The Vancouver Bridge Club’s longest member, 95-year-old Bill Mauck, said he joined in 1956. He started playing the challenging card game even before that, when he was 10.
“It’s helped me mentally,” Mauck said. “I’m not as good as I used to be in bridge, but I’m still pretty good.”
The club has about 300 members, although they don’t all show up for games at the clubhouse in Vancouver’s Heights neighborhood. Mauck pins the average age at 80, which means the club is rapidly losing members. A poster at the clubhouse commemorates the 20 or so members who have died over the past year.
The club is recruiting new members with upcoming classes to show “kids” — that is, people in their working years — or anyone who is interested how to play the competitive card game.
“People don’t play cards anymore,” lamented Kathy Mather, 80, the club’s treasurer.
Bridge gained popularity in the 1930s, when 20 million in the United States played. These days, about 5 million Americans over 45 play at least a few times a year, with about 2 million of those playing at least once a month, according to a survey by the American Contract Bridge League.
The club wants to let people know they are missing out on fun — and benefits.
Playing card (or board) games boosts your brain, according to a 2014 study by the University of Wisconsin-Madison. Researchers found that the brains of people who frequently played games had greater volume in areas that are affected by Alzheimer’s disease.
Bridge is a great activity if you’re looking to stay socially and mentally active as you age, 91-year-old Janie Pearcy said.
“It keeps your mind sharp,” said Pearcy, who started playing in 1961 and has been a member of the Vancouver Bridge Club for 20 years. “We’re one very large family.”
Given that games last two-and-a-half hours, it’s hard for younger people in the thick of their careers and raising children to devote the time, Tim Rilling said. In his 60s, he’s one of the club’s younger members.
Bridge is a challenging game, right up there with the Chinese board game Go and chess, Rilling said. He serves as game director — sort of like the referee — for the club when he’s not playing. He augments his in-person play with online games, as many in the club do.
Bridge evolved from the 17th century card game whist. In bridge, two teams of player pairs sit across from each other at the same table in partnerships — north-south and east-west — and go through rounds of bidding followed by card play.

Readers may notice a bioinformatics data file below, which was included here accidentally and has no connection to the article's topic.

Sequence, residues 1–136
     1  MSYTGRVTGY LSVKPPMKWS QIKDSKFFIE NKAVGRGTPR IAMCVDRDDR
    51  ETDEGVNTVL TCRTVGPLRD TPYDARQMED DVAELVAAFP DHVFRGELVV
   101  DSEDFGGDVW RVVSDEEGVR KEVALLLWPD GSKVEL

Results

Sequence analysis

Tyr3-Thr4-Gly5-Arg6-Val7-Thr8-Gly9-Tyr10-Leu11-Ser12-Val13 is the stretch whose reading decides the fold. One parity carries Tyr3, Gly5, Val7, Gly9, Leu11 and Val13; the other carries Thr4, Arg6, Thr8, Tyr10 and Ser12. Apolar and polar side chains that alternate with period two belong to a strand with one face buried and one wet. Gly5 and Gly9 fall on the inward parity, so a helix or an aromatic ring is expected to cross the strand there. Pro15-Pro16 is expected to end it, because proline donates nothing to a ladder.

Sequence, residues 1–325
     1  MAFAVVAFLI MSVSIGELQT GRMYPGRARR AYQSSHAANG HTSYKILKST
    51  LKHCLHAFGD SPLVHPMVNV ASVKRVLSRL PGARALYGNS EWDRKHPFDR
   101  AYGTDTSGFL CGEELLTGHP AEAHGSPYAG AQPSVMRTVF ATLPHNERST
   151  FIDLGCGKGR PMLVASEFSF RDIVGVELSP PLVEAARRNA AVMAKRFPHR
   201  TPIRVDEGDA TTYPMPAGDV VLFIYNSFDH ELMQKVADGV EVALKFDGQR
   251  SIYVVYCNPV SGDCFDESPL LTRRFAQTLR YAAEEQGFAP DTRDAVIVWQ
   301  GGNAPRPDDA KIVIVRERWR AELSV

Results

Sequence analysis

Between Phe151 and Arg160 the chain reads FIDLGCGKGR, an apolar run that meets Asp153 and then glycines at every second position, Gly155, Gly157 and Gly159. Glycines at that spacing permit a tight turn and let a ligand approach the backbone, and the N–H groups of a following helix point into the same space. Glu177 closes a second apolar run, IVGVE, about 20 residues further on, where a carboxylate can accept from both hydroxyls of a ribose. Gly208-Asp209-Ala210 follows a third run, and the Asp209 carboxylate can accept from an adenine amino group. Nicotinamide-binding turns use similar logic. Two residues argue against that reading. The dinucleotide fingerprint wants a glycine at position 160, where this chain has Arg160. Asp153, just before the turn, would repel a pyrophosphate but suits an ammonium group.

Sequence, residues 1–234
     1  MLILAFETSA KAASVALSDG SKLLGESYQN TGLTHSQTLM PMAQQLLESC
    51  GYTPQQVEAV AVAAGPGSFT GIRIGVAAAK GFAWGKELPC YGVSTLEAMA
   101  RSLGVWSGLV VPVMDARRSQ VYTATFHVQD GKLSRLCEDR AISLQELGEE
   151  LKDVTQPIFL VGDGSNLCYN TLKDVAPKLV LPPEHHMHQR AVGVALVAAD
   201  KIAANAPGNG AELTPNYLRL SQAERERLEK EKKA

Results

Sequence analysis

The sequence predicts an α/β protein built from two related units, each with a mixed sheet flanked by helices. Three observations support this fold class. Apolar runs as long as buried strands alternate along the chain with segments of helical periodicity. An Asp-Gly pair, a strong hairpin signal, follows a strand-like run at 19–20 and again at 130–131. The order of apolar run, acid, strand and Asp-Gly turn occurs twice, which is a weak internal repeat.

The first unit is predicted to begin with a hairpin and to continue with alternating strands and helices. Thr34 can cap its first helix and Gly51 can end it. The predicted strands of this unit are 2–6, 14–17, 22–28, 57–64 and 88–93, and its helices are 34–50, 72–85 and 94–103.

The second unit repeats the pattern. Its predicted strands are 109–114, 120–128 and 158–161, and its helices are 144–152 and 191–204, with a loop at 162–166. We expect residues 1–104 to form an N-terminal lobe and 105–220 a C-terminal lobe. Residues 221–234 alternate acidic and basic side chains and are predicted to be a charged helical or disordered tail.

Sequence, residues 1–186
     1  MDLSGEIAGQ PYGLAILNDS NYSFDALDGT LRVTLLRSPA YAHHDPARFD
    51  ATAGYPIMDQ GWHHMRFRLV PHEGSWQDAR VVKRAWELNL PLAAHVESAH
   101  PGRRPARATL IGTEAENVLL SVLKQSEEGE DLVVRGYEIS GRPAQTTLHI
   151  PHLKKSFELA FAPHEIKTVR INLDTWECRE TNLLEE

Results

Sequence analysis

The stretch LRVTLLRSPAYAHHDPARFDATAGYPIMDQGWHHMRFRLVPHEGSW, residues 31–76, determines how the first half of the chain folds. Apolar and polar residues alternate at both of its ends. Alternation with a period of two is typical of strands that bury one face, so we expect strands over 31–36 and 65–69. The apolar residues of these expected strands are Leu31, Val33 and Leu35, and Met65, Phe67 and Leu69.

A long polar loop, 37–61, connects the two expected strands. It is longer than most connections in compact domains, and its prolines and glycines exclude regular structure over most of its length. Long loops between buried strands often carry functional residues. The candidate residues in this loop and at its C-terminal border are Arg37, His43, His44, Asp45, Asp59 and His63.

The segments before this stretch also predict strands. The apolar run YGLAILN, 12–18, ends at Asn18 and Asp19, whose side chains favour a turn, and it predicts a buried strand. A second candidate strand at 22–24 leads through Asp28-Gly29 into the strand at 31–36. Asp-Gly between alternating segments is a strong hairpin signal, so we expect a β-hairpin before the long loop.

It’s too complicated to explain here, which is why the club is offering an eight-class series from 6:30-8:30 p.m. on Tuesdays, Jan. 3 through March 7. The lessons are $50 for the series or $10 each. (Call Connie Sayler at 971-678-3863 to register.)
Rebecca O’Donnell, a 70-year-old Hockinson resident, said she first took classes after she retired about seven years ago.
“I always knew I wanted to play. I get frustrated. I quit for a while, but I came back,” she said. “I do it for the mental stimulation.”
The classes meet at the clubhouse, where games convene on Mondays, Wednesdays, Saturdays and one Sunday a month.
Before a recent 11 a.m. Wednesday game, bridge partners took their spots at tables as the room filled with chatter and the scent of coffee. A sign reminded members to welcome and introduce newcomers.
The Vancouver club doesn’t charge dues but a per-game fee of $7, which can be higher for special events. To accumulate points, you must join the American Contract Bridge League, which charges $49 a year for an individual membership.
“You get addicted to the points,” said 80-year-old Joy Fletcher, a retired teacher. She has been reaching out to retirement communities to try to recruit members.
“The elderly think, ‘Oh, I can’t do that.’ They’ve just got to be competitive, I guess,” she said. “They need things to do to keep their minds off aches and pains, while meeting new people and stimulating that brain.”